Q&A with visiting guest Dr. Tammy Kernodle


Published: 16Oct2020
Dr. Tammy Kernodle

The Schulich School of Music is proud to welcome back Dr. Tammy Kernodle as a special guest in our Jazz Area’s Jazz History Series. She will present on Melba Liston, Alice Coltrane, and Mary Lou Williams on October 30 from 1-3 pm. This event is open to all Schulich students.

Tammy  L.  Kernodle  is an internationally recognized scholar and musician that teaches and researches in the areas of African American music (concert and popular) and gender studies in music.

She has worked closely with a number of educational programs including The American Jazz Museum, National Museum of African American History and Culture, National Public Radio (NPR), the Rock and Roll Hall of Fame (RRHOF), Canadian Public Radio, and the BBC.  Her work has appeared in numerous journals, anthologies, and online platforms including NPR's 2019 Turning the Table Series and “Creative Black Music at the Walker Art Center,” a digital exhibit at the Walker Art Center in Minneapolis.

Kernodle is the author of the biography  Soul on Soul: The Life and Music of Mary Lou Williams, served as Associate Editor of the three-volume  Encyclopedia of African American Music and the Editorial team for the revision of the  Grove Dictionary of American Music. She has appeared in a number of award-winning documentaries including  Girls in the Band, The Lady Who Swings the Band , and  Miles Davis: The Birth of Cool. 

Dr. Kernodle currently serves as the President of the Society for American Music and is Professor of Musicology at Miami University.

In preparation of her visit, we asked Dr. Kernodle a few questions over email:

How have women musicians/composers/arrangers such as Melba Liston, Alice Coltrane, and Mary Lou Williams influenced and shaped jazz history and/or the jazz industry?

Their impact on jazz culture has been grossly under-recognized. What distinguished them was their abilities as performers, arrangers, and composers. They were not simply playing the music, but also expanding the repertory and language of jazz through their arrangements and original compositions.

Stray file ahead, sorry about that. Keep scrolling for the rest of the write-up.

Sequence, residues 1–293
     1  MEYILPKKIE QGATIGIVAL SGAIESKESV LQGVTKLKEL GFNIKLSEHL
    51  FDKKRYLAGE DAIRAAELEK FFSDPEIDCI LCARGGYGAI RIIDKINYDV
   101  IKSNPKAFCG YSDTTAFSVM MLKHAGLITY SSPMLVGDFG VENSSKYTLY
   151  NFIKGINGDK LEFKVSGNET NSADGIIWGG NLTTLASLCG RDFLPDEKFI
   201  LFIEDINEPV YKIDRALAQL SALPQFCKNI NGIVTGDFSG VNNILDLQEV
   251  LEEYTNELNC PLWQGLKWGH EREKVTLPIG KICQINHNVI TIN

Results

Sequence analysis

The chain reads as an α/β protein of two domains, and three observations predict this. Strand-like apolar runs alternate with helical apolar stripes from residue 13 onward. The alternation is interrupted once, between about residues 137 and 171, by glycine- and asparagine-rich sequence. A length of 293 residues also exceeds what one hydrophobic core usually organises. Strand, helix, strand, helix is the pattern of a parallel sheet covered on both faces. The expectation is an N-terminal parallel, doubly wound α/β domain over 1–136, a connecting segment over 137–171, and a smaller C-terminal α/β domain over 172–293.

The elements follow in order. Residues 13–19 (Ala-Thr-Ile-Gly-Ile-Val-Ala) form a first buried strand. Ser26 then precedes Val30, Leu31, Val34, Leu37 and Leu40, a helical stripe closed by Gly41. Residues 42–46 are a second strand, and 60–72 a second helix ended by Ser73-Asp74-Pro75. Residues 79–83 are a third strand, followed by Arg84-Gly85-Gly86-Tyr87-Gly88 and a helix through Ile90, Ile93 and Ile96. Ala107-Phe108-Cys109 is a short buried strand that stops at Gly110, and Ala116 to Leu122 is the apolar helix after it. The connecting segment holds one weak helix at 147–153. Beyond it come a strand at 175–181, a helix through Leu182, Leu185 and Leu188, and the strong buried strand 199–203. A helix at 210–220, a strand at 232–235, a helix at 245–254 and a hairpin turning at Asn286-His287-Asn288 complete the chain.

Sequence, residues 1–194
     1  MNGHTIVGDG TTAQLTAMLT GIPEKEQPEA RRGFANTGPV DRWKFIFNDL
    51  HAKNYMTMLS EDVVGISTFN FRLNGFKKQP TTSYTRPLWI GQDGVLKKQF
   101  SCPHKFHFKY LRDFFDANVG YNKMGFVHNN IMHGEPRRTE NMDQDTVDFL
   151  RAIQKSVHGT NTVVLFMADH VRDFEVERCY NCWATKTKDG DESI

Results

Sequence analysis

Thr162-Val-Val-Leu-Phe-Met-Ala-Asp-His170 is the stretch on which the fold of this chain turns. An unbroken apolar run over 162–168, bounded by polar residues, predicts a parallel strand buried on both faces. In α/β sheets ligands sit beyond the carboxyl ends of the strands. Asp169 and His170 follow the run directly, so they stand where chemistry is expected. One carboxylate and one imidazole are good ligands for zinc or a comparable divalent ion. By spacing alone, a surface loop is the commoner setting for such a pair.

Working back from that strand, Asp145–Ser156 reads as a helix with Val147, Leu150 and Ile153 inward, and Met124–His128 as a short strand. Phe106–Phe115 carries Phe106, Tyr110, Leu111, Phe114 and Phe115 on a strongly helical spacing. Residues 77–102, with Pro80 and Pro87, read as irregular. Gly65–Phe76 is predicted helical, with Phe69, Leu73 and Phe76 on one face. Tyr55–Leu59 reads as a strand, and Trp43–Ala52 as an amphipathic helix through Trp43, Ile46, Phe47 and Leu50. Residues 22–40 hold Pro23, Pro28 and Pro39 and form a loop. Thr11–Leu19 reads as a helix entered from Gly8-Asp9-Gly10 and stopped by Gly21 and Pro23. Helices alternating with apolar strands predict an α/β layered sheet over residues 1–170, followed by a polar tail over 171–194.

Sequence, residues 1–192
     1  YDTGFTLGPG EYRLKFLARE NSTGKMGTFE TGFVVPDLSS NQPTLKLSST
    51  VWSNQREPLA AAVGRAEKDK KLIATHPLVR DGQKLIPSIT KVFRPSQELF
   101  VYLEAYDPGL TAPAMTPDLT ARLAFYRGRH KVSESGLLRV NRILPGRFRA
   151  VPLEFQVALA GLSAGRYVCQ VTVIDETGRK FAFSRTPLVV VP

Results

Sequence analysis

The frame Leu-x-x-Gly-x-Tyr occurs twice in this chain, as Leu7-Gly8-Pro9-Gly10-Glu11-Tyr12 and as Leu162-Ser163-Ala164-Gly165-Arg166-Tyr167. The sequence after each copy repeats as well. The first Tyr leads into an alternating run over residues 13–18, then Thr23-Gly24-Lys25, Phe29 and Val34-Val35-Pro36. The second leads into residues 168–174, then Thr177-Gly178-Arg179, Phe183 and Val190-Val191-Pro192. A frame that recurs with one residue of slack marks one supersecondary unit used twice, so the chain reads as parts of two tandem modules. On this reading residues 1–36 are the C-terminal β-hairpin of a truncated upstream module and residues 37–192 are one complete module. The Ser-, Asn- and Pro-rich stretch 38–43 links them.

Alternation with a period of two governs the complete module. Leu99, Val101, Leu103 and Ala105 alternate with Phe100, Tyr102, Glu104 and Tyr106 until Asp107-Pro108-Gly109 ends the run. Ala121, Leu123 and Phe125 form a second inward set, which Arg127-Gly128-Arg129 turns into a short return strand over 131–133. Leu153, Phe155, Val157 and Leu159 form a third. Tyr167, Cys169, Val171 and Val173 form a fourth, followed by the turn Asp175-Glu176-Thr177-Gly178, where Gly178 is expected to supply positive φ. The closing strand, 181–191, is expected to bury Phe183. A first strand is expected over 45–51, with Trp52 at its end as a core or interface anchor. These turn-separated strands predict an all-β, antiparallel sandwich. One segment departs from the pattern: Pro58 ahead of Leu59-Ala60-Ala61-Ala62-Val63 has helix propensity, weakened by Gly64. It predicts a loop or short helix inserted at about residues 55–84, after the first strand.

How have the controversies over a ‘women’s place in jazz’ changed over time?

This is an interesting question because I don’t think they have changed at all. Each generation of women musicians (vocalist and instrumentalist) have had to deal with the issue of dealing with preconceived notions about their abilities and also record companies and market strategies that often position their physical appearance over their musical talents.

What prejudices might young musicians need to unlearn? Whether they are conscious of them or not, what tips would you give to students at this time in their career to become better citizens of the jazz genre?

First black music and culture and the black lived experience cannot be separated. It’s not enough to like jazz and not have a consciousness about black people. To paraphrase Mary Lou Williams, jazz evolved out of the suffering of black people. It came to be the conduit for non-black people’s experiences and modes of expression. But it is rooted in and defined by the marginalization and physical and mental violence directed at black people. Jazz is about feeling, emotion, experience—not just chord changes, riffs, and formulas.

Search for and learn the full history. Don’t focus on or stop with just the common stories or narratives. Ask questions about who was present but not as recorded or discussed in jazz histories. Local histories and local music scenes were incredibly fertile spaces that have often been ignored by historians and record companies.

Train your mind and ear to know that when you see a woman in a performance space, she’s not there because she’s cute or slept with someone to get there. She had to navigate expectations and professional obstacles that 9 times out of 10 made her a better musician than many of her male peers. Men don’t have to prove themselves. They just need to show up. A man can be mediocre and still get opportunities. A mediocre woman is non-existent in the performance space.

Dr. Tammy Kernodle's presentation as part of our Jazz Area's Jazz History Series will take place October 30th from 1-3 pm. Zoom information can be found in your McGill email closer to the event.

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